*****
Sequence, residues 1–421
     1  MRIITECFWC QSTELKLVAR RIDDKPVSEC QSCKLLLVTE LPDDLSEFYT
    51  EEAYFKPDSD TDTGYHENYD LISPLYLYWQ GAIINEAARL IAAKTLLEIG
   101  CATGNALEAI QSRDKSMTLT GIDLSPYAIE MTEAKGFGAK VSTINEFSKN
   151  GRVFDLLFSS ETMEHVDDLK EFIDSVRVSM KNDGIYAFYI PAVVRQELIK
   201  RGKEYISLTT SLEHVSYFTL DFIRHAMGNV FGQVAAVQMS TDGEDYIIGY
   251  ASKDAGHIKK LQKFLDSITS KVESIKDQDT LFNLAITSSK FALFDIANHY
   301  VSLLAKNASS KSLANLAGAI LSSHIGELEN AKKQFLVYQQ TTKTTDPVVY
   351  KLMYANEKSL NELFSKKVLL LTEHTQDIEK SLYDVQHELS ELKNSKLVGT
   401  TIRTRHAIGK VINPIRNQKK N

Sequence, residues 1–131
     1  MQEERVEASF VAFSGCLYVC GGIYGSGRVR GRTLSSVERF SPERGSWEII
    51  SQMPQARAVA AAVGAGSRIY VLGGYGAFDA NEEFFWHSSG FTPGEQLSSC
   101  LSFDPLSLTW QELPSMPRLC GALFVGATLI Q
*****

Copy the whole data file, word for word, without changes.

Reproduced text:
Sequence, residues 1–421
     1  MRIITECFWC QSTELKLVAR RIDDKPVSEC QSCKLLLVTE LPDDLSEFYT
    51  EEAYFKPDSD TDTGYHENYD LISPLYLYWQ GAIINEAARL IAAKTLLEIG
   101  CATGNALEAI QSRDKSMTLT GIDLSPYAIE MTEAKGFGAK VSTINEFSKN
   151  GRVFDLLFSS ETMEHVDDLK EFIDSVRVSM KNDGIYAFYI PAVVRQELIK
   201  RGKEYISLTT SLEHVSYFTL DFIRHAMGNV FGQVAAVQMS TDGEDYIIGY
   251  ASKDAGHIKK LQKFLDSITS KVESIKDQDT LFNLAITSSK FALFDIANHY
   301  VSLLAKNASS KSLANLAGAI LSSHIGELEN AKKQFLVYQQ TTKTTDPVVY
   351  KLMYANEKSL NELFSKKVLL LTEHTQDIEK SLYDVQHELS ELKNSKLVGT
   401  TIRTRHAIGK VINPIRNQKK N

Sequence, residues 1–131
     1  MQEERVEASF VAFSGCLYVC GGIYGSGRVR GRTLSSVERF SPERGSWEII
    51  SQMPQARAVA AAVGAGSRIY VLGGYGAFDA NEEFFWHSSG FTPGEQLSSC
   101  LSFDPLSLTW QELPSMPRLC GALFVGATLI Q